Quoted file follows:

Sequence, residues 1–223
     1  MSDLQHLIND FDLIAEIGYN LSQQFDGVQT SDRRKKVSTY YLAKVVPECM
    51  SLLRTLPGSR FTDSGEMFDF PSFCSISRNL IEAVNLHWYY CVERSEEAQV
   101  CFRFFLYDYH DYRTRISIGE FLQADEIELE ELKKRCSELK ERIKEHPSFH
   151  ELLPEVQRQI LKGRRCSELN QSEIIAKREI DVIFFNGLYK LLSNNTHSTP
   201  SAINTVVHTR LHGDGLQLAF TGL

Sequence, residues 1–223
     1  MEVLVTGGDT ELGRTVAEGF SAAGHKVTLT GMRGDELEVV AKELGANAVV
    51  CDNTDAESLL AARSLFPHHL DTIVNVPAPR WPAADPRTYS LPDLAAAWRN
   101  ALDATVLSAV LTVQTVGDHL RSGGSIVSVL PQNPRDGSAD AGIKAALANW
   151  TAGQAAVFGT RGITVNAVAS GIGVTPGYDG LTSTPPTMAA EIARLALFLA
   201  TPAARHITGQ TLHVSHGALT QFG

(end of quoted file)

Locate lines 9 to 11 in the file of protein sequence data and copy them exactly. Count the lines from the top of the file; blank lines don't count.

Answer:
    51  CDNTDAESLL AARSLFPHHL DTIVNVPAPR WPAADPRTYS LPDLAAAWRN
   101  ALDATVLSAV LTVQTVGDHL RSGGSIVSVL PQNPRDGSAD AGIKAALANW
   151  TAGQAAVFGT RGITVNAVAS GIGVTPGYDG LTSTPPTMAA EIARLALFLA